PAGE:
- Zephyr Surgical Implants (November 2019). ARTIFICIAL URINARY SPHINCTER ZSI 375 (PDF) (Second ed.). Geneva, Switzerland: Zephyr Surgical Implants. Retrieved 19 January 2020.
- Ostrowski, Ireneusz; Golabek, Tomasz; Ciechan, Janusz; Śledź, Emil; Przydacz, Mikolaj; Dyś, Wojciech; Blewniewski, Mariusz; von Heyden, Burkhard; Pottek, Tobias; Neugart, Frank; Carrieri, Giuseppe; Selvaggio, Oscar; Iori, Francesco; Arjona, Manuel Fernández; Foley, Steve; Yang, Bob; Llorens, Christophe; Różanski, Waldemar; Chłosta, Piotr L. (2019). "Preliminary outcomes of the European multicentre experience with the ZSI 375 artificial urinary sphincter for treatment of stress urinary incontinence in men". Central European Journal of Urology. 72 (3): 263–269. doi:10.5173/ceju.2019.1920. PMC 6830485. PMID 31720028.
- Ostrowski, Ireneusz; Ciechan, Janusz; Sledz, Emil; Dys, Wojciech; Golabek, Tomasz; Chłosta, Piotr L. (2018). "Four-year follow-up on a ZSI 375 artificial urinary sphincter for male urinary incontinence from one urological centre in Poland". Central European Journal of Urology. 71 (3): 320–325. doi:10.5173/ceju.2018.1704. PMC 6202622. PMID 30386654.
- Sandhu, Jaspreet S.; Maschino, Alexandra C.; Vickers, Andrew J. (December 2011). "The Surgical Learning Curve for Artificial Urinary Sphincter Procedures Compared to Typical Surgeon Experience". European Urology. 60 (6): 1285–1290. doi:10.1016/j.eururo.2011.05.048. PMC 3646622. PMID 21665357. Retrieved 27 January 2020.
- Staerman, Frederic; G-Llorens, Christophe; Leon, Priscilla; Leclerc, Yves (April 2013). "ZSI 375 artificial urinary sphincter for male urinary incontinence: a preliminary study". BJU International. 111 (4b): E202–E206. doi:10.1111/j.1464-410X.2012.11468.x. PMID 22937774.
- Obando, Alejandro Carvajal; Gil, Federico Gavira; Martinez, Álvaro Gutiérrez; Molina, Luis Fernando Echeverry; Botero, Juan Carlos Castaño (1 June 2017). "EFFICACY OF THE ARTIFICIAL URINARY SPHINCTER ZSI 375 FOR TREATMENT OF POST-RADICAL PROSTATECTOMY INCONTINENCE IN PATIENTS WITH INTRINSIC SPHINCTER DEFICIENCY: A PRELIMINARY STUDY". European Medical Journal. 2 (2): 22–26. Retrieved 27 January 2020.
- Ostrowski, Ireneusz; Blewniewski, Mariusz; Neugart, Frank; von Heyden, Burkhard; Selvaggio, Oscar; Iori, Francesco; Foley, Steeve; Arjona, Manuel Fernández; Obando, Alejandro Carvajal; Pottek, Tobias (1 August 2017). "Multicentre experience with ZSI 375 artificial urinary sphincter for the treatment of stress urinary incontinence in men". Urologia Journal. 84 (3): 148–152. doi:10.5301/uj.5000246. PMID 28574143.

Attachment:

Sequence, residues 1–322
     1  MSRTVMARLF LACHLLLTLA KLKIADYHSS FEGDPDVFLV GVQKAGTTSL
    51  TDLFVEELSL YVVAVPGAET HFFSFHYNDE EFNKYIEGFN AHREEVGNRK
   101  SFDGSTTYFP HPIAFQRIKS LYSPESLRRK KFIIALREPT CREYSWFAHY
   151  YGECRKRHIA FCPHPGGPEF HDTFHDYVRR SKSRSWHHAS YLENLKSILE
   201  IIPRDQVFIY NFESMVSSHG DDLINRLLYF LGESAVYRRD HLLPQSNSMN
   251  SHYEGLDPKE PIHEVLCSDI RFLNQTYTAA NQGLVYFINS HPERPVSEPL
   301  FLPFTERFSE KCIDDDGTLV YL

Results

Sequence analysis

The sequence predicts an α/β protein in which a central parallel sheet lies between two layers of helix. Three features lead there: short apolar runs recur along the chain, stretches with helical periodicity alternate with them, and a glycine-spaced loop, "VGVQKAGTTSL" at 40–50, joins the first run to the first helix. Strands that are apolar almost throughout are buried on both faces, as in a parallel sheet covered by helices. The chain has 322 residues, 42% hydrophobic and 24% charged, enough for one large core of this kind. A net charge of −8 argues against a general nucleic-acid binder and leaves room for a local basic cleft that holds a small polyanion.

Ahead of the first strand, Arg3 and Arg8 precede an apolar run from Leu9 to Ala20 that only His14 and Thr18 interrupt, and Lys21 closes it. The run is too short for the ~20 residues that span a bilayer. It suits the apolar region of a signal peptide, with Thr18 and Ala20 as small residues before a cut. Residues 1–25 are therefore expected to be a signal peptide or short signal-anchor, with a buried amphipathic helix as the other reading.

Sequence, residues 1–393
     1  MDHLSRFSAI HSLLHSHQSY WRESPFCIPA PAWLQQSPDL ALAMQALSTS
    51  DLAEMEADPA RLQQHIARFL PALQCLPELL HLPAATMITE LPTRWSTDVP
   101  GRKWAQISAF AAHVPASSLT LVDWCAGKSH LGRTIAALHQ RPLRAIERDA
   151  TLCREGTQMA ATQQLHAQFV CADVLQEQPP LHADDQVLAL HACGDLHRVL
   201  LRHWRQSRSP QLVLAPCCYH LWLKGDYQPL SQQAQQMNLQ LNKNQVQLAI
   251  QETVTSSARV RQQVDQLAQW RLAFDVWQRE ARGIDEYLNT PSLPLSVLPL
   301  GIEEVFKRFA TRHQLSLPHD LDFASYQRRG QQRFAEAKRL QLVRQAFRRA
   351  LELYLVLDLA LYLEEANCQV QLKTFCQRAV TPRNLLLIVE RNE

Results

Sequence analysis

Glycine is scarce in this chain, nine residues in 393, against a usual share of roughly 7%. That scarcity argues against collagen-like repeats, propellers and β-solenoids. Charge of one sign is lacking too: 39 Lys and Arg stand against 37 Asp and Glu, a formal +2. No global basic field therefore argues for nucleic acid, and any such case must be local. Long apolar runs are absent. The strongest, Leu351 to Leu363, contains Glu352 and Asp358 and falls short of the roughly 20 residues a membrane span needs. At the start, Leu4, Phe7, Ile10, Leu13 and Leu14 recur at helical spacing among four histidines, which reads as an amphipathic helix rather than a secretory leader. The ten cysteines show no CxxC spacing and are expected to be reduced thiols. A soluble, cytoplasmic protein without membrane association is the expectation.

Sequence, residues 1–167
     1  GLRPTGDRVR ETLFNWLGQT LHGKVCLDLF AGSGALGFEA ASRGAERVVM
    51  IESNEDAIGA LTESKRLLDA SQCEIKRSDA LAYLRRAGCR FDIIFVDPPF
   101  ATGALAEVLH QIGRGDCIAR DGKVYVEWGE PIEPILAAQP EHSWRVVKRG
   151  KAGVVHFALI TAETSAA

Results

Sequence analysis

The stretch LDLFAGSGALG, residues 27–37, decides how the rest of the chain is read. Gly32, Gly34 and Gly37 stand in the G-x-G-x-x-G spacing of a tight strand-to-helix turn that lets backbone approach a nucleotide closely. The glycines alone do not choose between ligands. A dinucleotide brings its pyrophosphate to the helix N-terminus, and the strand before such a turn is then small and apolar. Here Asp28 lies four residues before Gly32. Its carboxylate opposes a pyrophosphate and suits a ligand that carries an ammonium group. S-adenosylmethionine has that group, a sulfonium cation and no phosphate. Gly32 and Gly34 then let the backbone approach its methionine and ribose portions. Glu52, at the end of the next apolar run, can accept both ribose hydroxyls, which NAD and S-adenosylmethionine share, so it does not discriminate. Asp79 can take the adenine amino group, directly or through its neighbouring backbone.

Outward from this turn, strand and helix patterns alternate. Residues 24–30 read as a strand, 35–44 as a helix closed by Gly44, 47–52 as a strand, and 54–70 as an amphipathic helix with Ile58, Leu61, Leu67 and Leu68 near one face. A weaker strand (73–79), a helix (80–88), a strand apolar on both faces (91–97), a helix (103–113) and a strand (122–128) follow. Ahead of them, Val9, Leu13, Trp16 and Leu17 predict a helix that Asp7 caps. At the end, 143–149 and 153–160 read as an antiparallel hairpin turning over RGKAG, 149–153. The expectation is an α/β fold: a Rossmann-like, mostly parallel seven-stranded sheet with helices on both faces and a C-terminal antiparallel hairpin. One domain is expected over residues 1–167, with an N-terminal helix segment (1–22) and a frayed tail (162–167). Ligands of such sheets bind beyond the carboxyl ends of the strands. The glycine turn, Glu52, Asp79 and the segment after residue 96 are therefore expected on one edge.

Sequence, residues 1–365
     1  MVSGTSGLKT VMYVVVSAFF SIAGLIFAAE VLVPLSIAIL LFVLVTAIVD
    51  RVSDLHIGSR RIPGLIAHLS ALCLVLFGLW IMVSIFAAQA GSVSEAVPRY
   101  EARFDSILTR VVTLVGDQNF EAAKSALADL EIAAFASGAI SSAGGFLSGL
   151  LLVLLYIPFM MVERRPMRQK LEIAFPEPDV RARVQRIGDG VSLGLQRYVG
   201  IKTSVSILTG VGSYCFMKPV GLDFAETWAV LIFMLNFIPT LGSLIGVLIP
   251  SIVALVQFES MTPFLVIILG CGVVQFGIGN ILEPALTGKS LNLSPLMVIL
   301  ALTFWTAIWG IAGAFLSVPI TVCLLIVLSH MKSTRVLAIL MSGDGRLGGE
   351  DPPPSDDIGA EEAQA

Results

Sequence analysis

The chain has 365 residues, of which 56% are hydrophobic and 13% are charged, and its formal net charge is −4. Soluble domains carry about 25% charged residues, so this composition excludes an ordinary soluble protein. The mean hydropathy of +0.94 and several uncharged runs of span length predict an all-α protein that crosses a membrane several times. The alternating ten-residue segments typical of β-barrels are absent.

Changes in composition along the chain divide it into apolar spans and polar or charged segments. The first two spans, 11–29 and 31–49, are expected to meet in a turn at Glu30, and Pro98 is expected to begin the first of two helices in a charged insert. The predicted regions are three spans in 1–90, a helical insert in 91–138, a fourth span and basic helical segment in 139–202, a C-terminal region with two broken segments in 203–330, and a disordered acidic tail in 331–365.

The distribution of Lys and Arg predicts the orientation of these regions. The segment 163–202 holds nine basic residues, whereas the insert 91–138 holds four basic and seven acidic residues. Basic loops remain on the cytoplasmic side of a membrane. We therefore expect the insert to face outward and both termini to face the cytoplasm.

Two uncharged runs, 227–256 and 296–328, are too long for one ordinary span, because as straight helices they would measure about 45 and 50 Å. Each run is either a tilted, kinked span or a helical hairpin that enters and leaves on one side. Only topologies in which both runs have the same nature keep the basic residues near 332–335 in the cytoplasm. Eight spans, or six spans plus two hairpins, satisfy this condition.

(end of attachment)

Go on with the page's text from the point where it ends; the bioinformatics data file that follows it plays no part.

- Chung, Eric (July 2017). "Contemporary surgical devices for male stress urinary incontinence: a review of technological advances in current continence surgery". Translational Andrology and Urology. 6 (Supplement 2): S112–S121. doi:10.21037/tau.2017.04.12. PMC 5522789. PMID 28791230.
- Burkhard, F.C.; Bosch, J.L.H.R.; Cruz, F.; Lemack, G.E.; Nambiar, A.K.; Thiruchelvam, N.; Tubaro, A. (2018). EAU Guidelines on Urinary Incontinence in Adults (PDF). Arnhem, The Netherlands: European Association of Urology. ISBN 978-94-92671-01-1. Retrieved 24 January 2020.
- Routh, Jonathan C.; Husmann, Douglas A. (1 October 2007). "Long-term continence outcomes after immediate repair of pediatric bladder neck lacerations extending into the urethra". The Journal of Urology. 178 (4S): 1816–1818. doi:10.1016/j.juro.2007.05.094. PMID 17707005.
- Kandpal, DK; Rawat, SK; Kanwar, S; Baruha, A; Chowdhary, SK (2013). "Single piece artificial urinary sphincter for secondary incontinence following successful repair of post traumatic urethral injury". Journal of Indian Association of Pediatric Surgeons. 18 (4): 152–154. doi:10.4103/0971-9261.121120. PMC 3853858. PMID 24347870.
- Islah, MAR; Cho, Sung Yong; Son, Hwancheol (April 2013). "The Current Role of the Artificial Urinary Sphincter in Male and Female Urinary Incontinence". The World Journal of Men's Health. 31 (1): 21–30. doi:10.5534/wjmh.2013.31.1.21. PMC 3640149. PMID 23658862.
- Sandhu, Jaspreet S.; Maschino, Alexandra C.; Vickers, Andrew J. (2011). "The Surgical Learning Curve for Artificial Urinary Sphincter Procedures Compared to Typical Surgeon Experience". European Urology. 60 (6): 1285–1290. doi:10.1016/j.eururo.2011.05.048. PMC 3646622. PMID 21665357.